Last week public sector workers told the Tory-led government that they are sick to their back teeth of pay freezes, pension raids and austerity cuts.
They also made it crystal clear that they will not put up with those cuts falling most heavily on the low paid in deprived areas.
Across the north east, tens of thousands joined the one-day in the biggest day of industrial action for four years.
Teachers walked out in more than 400 schools. Out too went firefighters, home helps, lollipop men and women, refuse collectors, librarians, dinner ladies, parks attendants, council road safety officers, caretakers, cleaners, civil servants and transport workers.
I support them all, and I will continue to support them if the government doesn’t see sense and the unions are forced to take further action.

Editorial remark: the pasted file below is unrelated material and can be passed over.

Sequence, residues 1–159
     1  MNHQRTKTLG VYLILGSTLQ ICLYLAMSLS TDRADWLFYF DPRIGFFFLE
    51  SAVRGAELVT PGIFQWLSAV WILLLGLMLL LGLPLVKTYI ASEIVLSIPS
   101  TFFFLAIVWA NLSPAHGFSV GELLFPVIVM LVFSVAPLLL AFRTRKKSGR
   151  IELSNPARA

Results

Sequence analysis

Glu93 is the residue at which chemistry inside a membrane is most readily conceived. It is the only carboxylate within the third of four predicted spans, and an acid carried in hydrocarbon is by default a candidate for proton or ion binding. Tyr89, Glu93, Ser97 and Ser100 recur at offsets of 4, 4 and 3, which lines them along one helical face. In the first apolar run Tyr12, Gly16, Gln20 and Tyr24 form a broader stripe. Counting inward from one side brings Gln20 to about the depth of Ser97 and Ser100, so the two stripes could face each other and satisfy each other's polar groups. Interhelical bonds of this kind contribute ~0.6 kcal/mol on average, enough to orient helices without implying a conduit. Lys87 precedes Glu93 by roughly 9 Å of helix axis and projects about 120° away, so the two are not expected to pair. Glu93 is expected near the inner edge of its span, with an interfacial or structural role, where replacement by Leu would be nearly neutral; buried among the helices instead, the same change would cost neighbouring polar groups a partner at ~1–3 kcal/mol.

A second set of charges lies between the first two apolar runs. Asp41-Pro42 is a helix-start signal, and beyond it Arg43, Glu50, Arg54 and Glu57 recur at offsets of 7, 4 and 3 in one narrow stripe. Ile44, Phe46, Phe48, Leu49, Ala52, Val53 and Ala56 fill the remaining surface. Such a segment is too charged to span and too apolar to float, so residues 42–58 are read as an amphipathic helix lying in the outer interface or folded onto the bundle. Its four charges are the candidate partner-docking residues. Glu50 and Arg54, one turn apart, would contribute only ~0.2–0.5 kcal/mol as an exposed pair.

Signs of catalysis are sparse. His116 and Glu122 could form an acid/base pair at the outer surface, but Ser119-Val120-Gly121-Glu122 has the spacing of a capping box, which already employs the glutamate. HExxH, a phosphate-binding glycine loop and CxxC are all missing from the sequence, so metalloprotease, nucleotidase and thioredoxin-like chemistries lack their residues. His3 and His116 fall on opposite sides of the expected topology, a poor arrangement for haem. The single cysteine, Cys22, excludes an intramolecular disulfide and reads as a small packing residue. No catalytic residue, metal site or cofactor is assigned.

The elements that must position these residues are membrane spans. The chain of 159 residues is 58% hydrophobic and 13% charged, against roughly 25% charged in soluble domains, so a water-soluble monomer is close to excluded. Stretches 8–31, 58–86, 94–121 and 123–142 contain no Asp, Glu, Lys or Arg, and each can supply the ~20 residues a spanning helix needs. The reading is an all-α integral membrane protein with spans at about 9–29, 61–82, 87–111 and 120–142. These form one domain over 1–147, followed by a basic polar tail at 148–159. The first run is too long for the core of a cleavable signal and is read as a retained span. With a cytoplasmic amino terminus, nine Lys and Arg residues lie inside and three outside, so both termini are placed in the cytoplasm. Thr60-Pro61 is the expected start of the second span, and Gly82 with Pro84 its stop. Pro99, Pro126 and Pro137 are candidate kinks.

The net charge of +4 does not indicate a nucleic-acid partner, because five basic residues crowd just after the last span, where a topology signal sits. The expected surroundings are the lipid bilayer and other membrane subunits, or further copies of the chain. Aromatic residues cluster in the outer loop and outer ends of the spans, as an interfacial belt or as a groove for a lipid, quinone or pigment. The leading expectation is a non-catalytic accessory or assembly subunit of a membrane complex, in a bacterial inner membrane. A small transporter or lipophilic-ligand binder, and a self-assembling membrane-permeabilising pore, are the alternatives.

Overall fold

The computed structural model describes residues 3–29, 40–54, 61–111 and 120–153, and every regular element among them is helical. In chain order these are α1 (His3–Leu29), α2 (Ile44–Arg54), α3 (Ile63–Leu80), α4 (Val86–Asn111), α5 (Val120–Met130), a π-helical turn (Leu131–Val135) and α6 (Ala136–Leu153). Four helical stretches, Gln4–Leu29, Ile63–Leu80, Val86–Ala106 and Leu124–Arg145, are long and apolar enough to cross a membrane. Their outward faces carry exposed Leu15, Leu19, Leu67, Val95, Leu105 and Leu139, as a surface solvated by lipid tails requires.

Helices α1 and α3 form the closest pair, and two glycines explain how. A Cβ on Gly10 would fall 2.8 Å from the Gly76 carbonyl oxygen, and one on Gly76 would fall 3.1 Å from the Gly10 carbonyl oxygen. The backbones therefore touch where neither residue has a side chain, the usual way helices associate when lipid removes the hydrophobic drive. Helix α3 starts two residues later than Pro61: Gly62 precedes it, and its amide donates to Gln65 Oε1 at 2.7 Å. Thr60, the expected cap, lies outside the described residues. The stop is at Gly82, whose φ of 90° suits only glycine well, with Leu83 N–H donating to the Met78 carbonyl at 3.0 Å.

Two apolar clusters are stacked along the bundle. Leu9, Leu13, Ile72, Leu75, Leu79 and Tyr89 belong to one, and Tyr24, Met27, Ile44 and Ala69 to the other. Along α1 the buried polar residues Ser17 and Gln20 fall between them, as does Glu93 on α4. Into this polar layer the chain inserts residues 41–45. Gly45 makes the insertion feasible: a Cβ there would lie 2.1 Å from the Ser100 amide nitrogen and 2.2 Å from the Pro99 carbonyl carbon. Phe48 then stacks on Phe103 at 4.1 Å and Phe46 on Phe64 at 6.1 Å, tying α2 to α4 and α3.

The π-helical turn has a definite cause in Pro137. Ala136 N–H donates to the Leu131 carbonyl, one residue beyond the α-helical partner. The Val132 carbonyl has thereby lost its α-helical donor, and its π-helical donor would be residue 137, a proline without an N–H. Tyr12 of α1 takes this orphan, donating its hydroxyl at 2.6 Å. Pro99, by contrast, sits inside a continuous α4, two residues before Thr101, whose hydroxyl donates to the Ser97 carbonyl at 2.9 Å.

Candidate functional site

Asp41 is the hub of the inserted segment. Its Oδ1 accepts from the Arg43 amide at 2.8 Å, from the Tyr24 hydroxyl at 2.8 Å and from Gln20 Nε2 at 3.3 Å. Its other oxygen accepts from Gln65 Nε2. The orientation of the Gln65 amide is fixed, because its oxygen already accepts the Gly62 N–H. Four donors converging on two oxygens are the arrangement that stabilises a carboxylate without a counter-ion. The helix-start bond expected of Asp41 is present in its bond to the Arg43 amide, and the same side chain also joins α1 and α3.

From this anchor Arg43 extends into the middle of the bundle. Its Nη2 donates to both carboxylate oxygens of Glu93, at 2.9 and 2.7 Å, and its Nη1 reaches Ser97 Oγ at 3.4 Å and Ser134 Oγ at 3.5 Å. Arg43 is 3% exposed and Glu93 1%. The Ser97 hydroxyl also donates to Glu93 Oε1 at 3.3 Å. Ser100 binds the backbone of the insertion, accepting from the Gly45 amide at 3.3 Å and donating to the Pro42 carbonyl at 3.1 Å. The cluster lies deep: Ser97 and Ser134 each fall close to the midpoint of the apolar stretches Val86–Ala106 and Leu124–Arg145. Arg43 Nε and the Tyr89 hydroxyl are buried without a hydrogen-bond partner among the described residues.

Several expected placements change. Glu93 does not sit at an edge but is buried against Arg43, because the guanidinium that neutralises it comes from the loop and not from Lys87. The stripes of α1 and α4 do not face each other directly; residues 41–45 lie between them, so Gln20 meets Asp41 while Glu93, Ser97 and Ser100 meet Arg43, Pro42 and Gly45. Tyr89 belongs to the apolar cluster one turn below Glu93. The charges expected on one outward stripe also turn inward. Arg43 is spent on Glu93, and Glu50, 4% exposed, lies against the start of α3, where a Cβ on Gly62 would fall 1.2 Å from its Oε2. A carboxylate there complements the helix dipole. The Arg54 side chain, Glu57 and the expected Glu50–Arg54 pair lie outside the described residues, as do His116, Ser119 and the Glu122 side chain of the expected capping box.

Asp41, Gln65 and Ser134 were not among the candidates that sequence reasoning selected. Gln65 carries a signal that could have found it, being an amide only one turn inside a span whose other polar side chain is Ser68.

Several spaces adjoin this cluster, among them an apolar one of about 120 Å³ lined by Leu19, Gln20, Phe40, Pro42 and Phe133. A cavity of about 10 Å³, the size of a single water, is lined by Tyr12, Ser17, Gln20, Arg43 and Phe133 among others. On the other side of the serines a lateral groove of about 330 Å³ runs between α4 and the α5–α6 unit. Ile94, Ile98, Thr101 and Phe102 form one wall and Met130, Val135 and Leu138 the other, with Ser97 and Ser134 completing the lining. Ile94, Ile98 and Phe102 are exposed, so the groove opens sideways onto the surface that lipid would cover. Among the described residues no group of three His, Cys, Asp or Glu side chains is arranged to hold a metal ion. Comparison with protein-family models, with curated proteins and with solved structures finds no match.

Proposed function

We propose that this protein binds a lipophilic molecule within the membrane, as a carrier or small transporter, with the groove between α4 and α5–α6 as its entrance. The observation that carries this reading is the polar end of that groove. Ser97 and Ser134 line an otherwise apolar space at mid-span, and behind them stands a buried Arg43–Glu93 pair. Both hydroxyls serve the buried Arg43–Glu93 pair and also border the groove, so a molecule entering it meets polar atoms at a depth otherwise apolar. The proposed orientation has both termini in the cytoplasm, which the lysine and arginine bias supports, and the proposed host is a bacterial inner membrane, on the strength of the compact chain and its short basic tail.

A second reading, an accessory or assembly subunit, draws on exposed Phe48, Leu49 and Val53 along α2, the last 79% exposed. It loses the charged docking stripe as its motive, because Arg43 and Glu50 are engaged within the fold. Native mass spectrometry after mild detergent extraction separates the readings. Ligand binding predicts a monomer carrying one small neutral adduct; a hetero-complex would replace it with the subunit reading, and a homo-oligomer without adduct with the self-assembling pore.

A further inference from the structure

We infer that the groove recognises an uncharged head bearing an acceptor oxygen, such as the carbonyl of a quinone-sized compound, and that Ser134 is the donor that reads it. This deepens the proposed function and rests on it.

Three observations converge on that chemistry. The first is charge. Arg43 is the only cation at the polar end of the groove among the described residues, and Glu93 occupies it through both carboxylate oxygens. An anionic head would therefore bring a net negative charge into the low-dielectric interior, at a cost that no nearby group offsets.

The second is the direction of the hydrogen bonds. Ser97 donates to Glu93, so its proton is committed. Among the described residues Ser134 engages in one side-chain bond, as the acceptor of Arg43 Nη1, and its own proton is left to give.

It takes a lot of guts and determination to go on strike.
I should know, having been out throughout the miners’ strike. No one forgoes pay lightly.
The biggest issue in dispute is pay, after ministers froze public sector salaries in 2010 and introduced a one per cent cap on pay rises in 2012, which remains in place.
That means a 20 per cent real-term cut in pay since the coalition came to power.
Compare that with the latest figures, which show that millionaire executives have seen their pay packets more than double in the last year alone.
TUC general secretary Frances O’Grady said workers had gone on strike “to say enough is enough”. That’s it exactly.
As some of the marchers chanted in Newcastle, ministers call for more cutbacks, so it is time to fight back.